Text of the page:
Thursday, August 21, 2008

Faith Works 8-23-08
Jeff Gill

Phoning In My Religion

Not to delve too deeply into politics, but last Saturday night was a televised presidential candidates’ forum at Orange County, CA’s nationally known Saddleback Church, moderated by Pastor Rick Warren. Rick is author of “The Purpose Driven Life” which has sold 25 million copies, so he’s got a wee bit of media attention in the past.

Some have said that they weren’t comfortable with a church as the setting for the first almost head-to-head meeting of the two major parties’ candidates for president, and I suppose there’s a case to be made for that concern, but the candidates were simply invited by Pastor Warren, who has come to know them both, and either or both could have said “nope.” If they’re fine with it, I’m interested.

And quite frankly, Warren was a better moderator than about nine of the last ten debate facilitators I’ve had to listen to in the last year, so good on him. Anyhow, they each took an hour on stage, shook hands in the middle, and were not quite debating, but offered many illuminating moments about their personal and political journeys from the perspective of faith.

But there was a moment that was quite unintentionally illuminating, and it wasn’t from Obama or McCain, coming after the event had formally ended.

One well-known national political reporter said in the course of post-forum analysis “they did a really interesting thing setting up for this here: they had two large screens on either side of the platform, where you could watch them as they were talking from wherever you sat in the room.”

I turned to the Lovely Wife, jaw slowly swinging open. The reporter, who in my experience is credible and quite intelligent, just told me something. Does she know what she actually just told me? That analyst just revealed that she has almost no experience with large or megachurch worship settings whatsoever, in person or on TV or tape.

Full disclosure: I preach most weekends, and am as likely to preach for 25 as 250, and never before 2,000. But I’ve been in and around enough large churches, in multiple states, let alone seen the footage of others, to know that no megachurch worth its salt is without two large screens on either side of the platform. None. You’re more likely to find two large screens permanently built into the architecture of the front of the worship space than you are a cross (that’s a discussion for another day).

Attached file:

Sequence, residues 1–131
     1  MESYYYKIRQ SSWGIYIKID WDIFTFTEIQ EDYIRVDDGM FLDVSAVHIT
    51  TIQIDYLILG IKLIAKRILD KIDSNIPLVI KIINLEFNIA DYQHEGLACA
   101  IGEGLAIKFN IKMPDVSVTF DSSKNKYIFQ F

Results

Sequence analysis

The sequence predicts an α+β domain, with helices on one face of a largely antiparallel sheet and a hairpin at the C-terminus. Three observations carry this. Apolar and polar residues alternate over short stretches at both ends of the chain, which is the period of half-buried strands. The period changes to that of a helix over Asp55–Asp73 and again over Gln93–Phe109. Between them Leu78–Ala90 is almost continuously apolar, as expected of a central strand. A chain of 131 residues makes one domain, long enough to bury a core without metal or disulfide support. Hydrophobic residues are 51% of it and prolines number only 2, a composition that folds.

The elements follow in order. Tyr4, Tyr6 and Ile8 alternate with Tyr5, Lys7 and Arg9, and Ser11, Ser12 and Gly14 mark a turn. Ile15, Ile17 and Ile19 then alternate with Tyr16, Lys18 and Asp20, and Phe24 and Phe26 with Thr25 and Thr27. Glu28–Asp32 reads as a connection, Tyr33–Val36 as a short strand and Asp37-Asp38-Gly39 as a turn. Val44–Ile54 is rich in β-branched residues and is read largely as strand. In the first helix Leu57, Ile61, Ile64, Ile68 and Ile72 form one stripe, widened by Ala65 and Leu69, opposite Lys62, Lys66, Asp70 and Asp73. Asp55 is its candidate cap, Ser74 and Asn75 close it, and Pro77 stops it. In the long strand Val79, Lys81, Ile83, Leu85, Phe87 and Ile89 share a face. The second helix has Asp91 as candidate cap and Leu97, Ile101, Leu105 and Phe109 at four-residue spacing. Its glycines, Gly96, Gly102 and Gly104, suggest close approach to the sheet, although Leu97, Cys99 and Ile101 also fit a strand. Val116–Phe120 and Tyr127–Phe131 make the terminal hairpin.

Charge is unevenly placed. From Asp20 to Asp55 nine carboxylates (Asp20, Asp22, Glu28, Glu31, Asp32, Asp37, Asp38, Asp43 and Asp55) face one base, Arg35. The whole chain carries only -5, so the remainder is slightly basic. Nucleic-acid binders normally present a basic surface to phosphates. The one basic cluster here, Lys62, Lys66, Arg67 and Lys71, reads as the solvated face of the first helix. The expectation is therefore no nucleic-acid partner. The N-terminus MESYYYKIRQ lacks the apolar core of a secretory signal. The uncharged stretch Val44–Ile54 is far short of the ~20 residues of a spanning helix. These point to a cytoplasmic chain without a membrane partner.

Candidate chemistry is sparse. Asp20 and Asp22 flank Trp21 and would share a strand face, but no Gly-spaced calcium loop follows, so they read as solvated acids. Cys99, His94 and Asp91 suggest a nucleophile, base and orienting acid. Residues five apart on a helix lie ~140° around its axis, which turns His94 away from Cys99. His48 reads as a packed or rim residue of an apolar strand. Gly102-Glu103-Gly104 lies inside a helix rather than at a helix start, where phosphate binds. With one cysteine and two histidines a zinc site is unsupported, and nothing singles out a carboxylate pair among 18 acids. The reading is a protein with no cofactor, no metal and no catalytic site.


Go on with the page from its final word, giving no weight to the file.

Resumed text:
Later on, I saw this comment at the New York Times political campaign blog, “The Caucus”: “The church itself rises in the desert and is surrounded by palm trees and dusty mountains, but it’s hard to tell it’s a church. In fact, inside, it looks more like a giant warehouse, than traditional religious sanctuaries. The hosts treated the forum as a major live television event. A woman who was introduced as tonight’s “stage manager,” told the audience to be sure to give Mr. Warren a hearty round of applause when he appears, and to save their bathroom visits for commercial breaks.”

Wow. Y’know, the warehouse comment (I found three more like that just with GoogleNews), might have been pertinent twenty years ago, maybe ten. But most Americans are familiar with the look of large church campuses by now, and calling them “giant warehouses” just tells me they’re looking around for the stained glass or felt banners, and on not finding them, going “Whoa, this is not what I expected.”

No, I guess it isn’t. Do you get out much? I mean, other than around the world?

Later on, “The Caucus” noted that “The event reflects the importance of religion in American life and, increasingly, in politics. It also marks the coming of age of a broader brand of evangelicalism that is more socially minded and more diverse than the orthodox religious movement of the Christian right.”

Thanks for noticing, folks, but here’s a news flash – Evangelicals have been diverse and complex since, oh, always. Socially minded? That’s where we started, and we’re not done. And if by diverse, you mean “ah, maybe now they’re ready to vote for a pro-abortion candidate if we paint them green enough,” well, keep hoping.

They really, really should get out more. I’ll bet there’s a warehouse-like, screen-toting, jeans wearing preacher church just down the street from wherever they live, and I do mean wherever. Just ask at your Starbucks and someone else in line will give you directions.

Yep, we’re so diverse we go there, too.

Jeff Gill is a writer, storyteller, and supply preacher around central Ohio; he’s not a member of a megachurch, but he does know how to use PowerPoint in worship. Tell him a story electronically at

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